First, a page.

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Please bear with me -- I know this is complex.

I have a table that contains apartments, and another that contains leases for those apartments. My task is to select the "most relevant" lease from the list. In general, that means the most recent lease, but there are a few quirks that make it more complex than just ordering by date.

That has led me to create this common table expression query inside a View, which I then JOIN with a number of others inside a Stored Procedure to get the results I need:

WITH TempTable AS (
    SELECT  l.BuildingID, l.ApartmentID, l.LeaseID, l.ApplicantID,
                ROW_NUMBER() OVER (PARTITION BY l.ApartmentID ORDER BY s.Importance DESC, MovedOut, MovedIN DESC, LLSigned DESC, Approved DESC, Applied DESC) AS 'RowNumber'
    FROM    dbo.NPleaseapplicant AS l INNER JOIN
            dbo.NPappstatus AS s ON l.BuildingID = s.BuildingID AND l.AppStatus = s.Code

)

SELECT  BuildingID, ApartmentID, LeaseID, ApplicantID
FROM    TempTable
WHERE   RowNumber = 1

This works and returns the correct result. The challenge I'm facing is very slow performance.

As a test, I created a temp table inside the Stored Procedure instead of using View, and got much, much better performance:

CREATE TABLE #Relevant (
    BuildingID int,
    ApartmentID int,
    LeaseID int,
    ApplicantID int,
    RowNumber int
)

INSERT INTO #Relevant (BuildingID, ApartmentID, LeaseID, ApplicantID, RowNumber)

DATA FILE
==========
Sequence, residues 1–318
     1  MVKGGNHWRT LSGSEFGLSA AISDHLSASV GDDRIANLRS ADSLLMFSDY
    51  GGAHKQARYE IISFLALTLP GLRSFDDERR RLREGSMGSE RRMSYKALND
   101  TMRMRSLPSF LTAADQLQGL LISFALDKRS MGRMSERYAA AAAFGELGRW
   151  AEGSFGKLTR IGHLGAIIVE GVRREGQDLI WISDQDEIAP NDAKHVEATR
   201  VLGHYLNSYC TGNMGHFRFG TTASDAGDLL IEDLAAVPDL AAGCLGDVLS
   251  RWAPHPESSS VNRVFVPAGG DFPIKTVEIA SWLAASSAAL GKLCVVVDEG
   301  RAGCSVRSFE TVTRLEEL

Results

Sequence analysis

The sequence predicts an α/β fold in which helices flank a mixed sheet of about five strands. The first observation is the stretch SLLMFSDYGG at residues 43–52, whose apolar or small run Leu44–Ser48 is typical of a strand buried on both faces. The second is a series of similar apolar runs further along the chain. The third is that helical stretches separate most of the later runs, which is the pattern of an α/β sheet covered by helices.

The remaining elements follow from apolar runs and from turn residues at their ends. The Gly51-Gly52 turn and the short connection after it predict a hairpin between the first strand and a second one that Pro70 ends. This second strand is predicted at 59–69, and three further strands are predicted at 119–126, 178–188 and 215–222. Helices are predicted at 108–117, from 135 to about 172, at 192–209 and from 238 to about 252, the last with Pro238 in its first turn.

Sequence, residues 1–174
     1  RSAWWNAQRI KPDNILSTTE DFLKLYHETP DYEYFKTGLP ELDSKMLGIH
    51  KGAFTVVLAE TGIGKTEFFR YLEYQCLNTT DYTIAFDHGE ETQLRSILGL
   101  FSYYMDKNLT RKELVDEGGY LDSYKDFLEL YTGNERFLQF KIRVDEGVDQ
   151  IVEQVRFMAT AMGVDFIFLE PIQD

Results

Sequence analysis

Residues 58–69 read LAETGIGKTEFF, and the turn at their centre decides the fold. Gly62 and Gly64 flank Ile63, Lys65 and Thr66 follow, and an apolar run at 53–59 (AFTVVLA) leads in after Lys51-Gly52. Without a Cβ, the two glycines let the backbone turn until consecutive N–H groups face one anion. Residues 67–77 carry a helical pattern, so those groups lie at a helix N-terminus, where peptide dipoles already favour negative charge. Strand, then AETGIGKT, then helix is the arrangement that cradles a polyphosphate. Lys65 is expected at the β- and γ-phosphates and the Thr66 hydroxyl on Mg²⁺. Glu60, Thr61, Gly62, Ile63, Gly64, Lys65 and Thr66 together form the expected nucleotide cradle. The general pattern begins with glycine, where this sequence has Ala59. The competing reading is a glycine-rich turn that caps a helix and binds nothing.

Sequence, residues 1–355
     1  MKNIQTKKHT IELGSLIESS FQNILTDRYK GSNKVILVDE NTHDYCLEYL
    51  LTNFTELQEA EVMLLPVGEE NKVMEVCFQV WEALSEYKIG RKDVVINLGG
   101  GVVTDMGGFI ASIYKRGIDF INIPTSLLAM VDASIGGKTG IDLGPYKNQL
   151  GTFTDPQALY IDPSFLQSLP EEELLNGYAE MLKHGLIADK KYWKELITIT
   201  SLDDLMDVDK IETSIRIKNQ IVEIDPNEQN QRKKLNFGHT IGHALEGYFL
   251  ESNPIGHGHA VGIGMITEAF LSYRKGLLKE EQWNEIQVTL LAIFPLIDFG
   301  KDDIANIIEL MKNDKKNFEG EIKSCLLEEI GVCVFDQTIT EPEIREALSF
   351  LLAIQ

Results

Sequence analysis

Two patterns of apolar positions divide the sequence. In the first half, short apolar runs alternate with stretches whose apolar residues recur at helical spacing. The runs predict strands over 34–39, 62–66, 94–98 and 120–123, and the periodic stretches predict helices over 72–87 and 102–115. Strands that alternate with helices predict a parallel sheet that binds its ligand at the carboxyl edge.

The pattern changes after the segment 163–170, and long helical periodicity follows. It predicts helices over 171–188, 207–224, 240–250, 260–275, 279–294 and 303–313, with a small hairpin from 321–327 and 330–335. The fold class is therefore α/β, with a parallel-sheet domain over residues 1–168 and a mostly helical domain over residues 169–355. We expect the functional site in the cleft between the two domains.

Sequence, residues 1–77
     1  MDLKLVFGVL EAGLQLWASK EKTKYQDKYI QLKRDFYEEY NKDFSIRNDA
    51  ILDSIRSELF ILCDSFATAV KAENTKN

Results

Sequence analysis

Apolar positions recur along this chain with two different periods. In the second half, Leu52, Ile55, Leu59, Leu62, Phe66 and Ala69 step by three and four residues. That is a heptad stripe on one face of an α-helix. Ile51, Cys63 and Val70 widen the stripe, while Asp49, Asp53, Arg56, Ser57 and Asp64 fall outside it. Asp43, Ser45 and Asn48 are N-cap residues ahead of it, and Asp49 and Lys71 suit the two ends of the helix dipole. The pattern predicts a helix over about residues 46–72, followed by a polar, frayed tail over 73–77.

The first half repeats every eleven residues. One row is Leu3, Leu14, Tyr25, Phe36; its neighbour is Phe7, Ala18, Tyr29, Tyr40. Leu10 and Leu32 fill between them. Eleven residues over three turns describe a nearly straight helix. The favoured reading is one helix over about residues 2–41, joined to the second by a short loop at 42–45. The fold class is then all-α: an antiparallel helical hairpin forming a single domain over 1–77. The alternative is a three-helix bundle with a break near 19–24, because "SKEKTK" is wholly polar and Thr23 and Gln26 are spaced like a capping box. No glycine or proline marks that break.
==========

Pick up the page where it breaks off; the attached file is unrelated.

SELECT  l.BuildingID, l.ApartmentID, l.LeaseID, l.ApplicantID,
            ROW_NUMBER() OVER (PARTITION BY l.ApartmentID ORDER BY s.Importance DESC, MovedOut, MovedIN DESC, LLSigned DESC, Approved DESC, Applied DESC) AS 'RowNumber'
FROM    dbo.NPleaseapplicant AS l INNER JOIN
        dbo.NPappstatus AS s ON l.BuildingID = s.BuildingID AND l.AppStatus = s.Code
WHERE   (l.BuildingID = @BuildingID)

DROP TABLE #Relevant

At first glance this doesn't add up to me. I've heard that temp tables are notoriously bad for performance. The wrinkle is that I'm able to better limit the query in the Temp Table with a WHERE clause that I can't in the View. With over 10,000 leases across 16 buildings in the table, the ability to filter with the WHERE may drop the rows affected by 90% - 95%.

Bearing all that in mind, is there anything glaring that I'm missing here? Am I doing something wrong with the View that might cause the dreadful performance, or is it just a matter of a smaller result set in the Temp Table beating the unrestricted result set in the CTE?

EDIT: I should add that this business logic of selecting the "most relevant lease" is key to many reports in the system. That's why it was placed inside a View to begin with. The View gives us "Write Once, Use Many" capabilities whereas a Temp Table in a Stored Procedure would need to be recreated for every other Stored Proc in the system. Ugly.